How to publish your first LinkedIn newsletter: 10 best practices

If your LinkedIn newsletter is the beginning of your content marketing program, and you haven’t set your content strategy yet, step zero in that process is to create and document your content marketing mission statement.

If you already have an active content marketing program, the foundations of your content strategy are in place. You know your audience, your topics and your frequency. This settles the what to blog about question, because you’re simply repurposing your past articles and using LinkedIn to help distribute new articles.

Here are 10 LinkedIn newsletter best practices:

1. Decide: Personal page newsletter or company page newsletter?

Probably, you’ll get better results by using a personal page. That human element is great for engagement. But for some brands, this won’t work for all kinds of possible reasons: legal, HR, buy-in, etc.

Probably, a personal page newsletter is the best fit for small businesses. The company page newsletter is best for enterprise.

If you want to publish from a company page. But you’ll need at least 150 followers first. It’s also possible to create a newsletter from a LinkedIn showcase page.

2. Give it a very descriptive name …even if it’s sound boring

Maybe the most important tip in this article. We recommend naming your newsletter something that has obvious relevance and value. You only get 30 characters. Don’t get fancy. Don’t brand it. Just call it what it is.

Compare these two examples. Which of these sounds better?

image showing the title of our LinkedIn newsletter

Marketers love to name things, but mostly, readers don’t care about names. They just want help. So when we named our newsletter “Digital Marketing Tips” we knew that it was a boring name. But it’s specific. And specificity correlates with conversion.

Clear is better than clever.

3. Write your newsletter description

Again, be very specific. Tell the reader exactly why they should click and subscribe. List the topics and keep it simple. You can write a description of up to 120 characters.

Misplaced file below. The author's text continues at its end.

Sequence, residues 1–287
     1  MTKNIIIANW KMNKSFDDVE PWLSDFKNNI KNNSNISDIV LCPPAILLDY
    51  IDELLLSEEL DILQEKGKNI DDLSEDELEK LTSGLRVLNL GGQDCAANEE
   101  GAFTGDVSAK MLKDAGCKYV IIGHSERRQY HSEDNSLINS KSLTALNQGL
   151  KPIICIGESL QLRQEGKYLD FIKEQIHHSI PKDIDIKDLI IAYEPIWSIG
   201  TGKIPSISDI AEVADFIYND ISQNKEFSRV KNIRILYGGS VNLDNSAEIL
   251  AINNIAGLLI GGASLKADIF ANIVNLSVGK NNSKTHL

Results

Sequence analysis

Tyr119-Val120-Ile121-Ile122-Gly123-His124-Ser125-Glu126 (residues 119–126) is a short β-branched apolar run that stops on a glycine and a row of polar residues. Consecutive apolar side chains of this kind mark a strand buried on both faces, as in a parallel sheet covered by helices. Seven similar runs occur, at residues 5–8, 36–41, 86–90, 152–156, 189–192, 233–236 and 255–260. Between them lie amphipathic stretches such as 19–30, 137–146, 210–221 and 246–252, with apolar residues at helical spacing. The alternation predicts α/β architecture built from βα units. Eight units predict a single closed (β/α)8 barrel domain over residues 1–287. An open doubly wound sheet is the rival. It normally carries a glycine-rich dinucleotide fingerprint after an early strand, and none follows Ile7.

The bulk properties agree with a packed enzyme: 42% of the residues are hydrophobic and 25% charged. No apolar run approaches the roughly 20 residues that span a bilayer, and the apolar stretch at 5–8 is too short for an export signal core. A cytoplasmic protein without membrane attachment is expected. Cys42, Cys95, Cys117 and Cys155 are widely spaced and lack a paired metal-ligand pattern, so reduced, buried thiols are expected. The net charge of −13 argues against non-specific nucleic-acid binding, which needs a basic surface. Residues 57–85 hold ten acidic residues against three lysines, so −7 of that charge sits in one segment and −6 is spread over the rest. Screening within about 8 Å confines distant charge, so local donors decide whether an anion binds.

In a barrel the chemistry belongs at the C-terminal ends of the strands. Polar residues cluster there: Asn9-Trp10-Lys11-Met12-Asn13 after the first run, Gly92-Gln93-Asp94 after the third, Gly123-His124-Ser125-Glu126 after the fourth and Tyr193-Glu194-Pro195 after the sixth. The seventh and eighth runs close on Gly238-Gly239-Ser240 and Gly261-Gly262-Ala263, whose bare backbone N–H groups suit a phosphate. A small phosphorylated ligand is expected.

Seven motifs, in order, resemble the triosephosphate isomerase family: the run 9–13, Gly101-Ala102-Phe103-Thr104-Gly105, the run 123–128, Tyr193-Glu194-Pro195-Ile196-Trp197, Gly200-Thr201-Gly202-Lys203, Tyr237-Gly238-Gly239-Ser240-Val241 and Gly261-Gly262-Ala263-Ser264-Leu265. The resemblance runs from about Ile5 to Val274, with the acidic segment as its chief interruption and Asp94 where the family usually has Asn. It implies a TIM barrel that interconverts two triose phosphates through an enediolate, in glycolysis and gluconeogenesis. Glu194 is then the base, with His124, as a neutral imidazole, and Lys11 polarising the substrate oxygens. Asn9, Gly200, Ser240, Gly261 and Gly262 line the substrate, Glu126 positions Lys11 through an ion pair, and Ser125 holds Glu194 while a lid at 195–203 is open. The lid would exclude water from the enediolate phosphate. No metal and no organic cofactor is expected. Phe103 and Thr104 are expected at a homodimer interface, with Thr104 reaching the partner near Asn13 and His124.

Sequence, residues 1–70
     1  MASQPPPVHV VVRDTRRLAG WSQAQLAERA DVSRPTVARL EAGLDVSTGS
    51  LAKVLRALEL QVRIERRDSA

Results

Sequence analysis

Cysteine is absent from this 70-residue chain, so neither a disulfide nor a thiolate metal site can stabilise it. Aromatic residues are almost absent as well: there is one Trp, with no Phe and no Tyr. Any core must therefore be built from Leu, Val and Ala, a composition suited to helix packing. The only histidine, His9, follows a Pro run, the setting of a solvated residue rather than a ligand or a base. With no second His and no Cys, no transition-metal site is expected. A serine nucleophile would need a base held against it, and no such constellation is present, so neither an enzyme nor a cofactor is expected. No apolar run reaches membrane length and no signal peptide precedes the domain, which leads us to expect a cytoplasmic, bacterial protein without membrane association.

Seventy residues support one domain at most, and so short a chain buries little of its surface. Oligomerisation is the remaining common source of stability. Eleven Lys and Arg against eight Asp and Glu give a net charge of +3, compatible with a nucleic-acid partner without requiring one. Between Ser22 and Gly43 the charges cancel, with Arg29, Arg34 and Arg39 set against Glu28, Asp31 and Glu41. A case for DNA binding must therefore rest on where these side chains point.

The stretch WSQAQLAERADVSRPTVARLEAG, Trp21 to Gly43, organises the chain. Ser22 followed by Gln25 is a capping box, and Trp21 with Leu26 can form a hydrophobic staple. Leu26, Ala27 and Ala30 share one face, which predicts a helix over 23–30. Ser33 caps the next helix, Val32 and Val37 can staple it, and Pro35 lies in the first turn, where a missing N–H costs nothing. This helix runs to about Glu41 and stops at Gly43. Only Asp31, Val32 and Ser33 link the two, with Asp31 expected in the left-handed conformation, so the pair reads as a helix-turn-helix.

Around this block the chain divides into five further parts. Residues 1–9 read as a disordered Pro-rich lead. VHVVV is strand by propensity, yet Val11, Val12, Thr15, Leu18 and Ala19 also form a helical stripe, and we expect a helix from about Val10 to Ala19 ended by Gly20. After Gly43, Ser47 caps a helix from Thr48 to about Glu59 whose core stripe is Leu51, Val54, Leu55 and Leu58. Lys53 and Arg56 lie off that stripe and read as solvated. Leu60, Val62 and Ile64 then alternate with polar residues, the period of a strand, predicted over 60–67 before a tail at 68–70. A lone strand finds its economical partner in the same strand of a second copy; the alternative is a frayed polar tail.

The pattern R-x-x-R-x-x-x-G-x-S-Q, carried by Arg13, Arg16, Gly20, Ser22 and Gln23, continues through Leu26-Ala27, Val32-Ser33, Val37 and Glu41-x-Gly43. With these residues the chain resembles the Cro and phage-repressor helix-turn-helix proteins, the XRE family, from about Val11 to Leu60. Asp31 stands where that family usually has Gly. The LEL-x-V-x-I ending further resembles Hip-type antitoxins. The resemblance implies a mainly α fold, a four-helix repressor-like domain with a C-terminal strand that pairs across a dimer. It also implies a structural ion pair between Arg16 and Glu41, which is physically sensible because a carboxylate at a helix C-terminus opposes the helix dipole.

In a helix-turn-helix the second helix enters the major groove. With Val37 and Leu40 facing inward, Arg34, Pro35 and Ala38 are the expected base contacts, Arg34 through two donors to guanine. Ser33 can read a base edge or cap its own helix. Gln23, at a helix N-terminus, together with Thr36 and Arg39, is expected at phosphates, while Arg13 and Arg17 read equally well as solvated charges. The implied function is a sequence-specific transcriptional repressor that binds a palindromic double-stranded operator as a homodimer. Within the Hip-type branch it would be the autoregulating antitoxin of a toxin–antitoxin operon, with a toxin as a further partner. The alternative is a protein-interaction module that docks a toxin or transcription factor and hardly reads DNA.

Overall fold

4. Set your frequency

You have four options: daily, weekly, bi-weekly or monthly.

This could align with the cadence of your usual email newsletter. But if you have older content that you can add to the mix, you can go higher.

As we explained above, our email newsletter is bi-weekly. Our LinkedIn newsletter is weekly. Every other week, the LinkedIn newsletter repurposes an older article.

Setup is done! You’re ready to publish.

5. Make the first edition good

That first edition is very important. It’s special because when you hit publish on your first newsletter, all of your connections and followers will get an invitation. This is the big promotion push.

So go big on quality for your first edition. Make it your best.

6. Add some nice preheader text

The top of the newsletter article is going to appear in the subscribers inbox as preheader text. This can affect open and clickthrough rates. So consider putting something special in the first line.

Knowing that the first line of text is the email preheader, we usually start the articles with a little hello message with a waving hand emoji. This helps it stand out in crowded inboxes as you can see from this screenshot. This is one of those basic email marketing best practices.

screenshot of an email inbox with the preheader text showing

7. Always collaborate and mention

If you don’t think about social promotion until after the article is live, you’re a little too late. The best content marketers involve influencers and subject matter experts in the process of creating the article. They even share the idea on social media before they begin to write.

The more you collaborate and involve others in the process, the more likely they are to share the piece once it’s live. Include influencers as contributor quotes, then mention them (and thank them) in the post when you create the newsletter.

The difference is huge. Compare:

chart showing typical promotion vs conversational promotion

Source: LinkedIn Tips for B2B Marketers

8. Add a great visual: diagrams, charts or faces

Some will see your article in their inbox. Others who have not yet subscribed will see it in their social streams. The featured image will appear in the social snippet, so that visual is key to your success. It’s called the cover image and the banner size should be 1920×1080 pixels.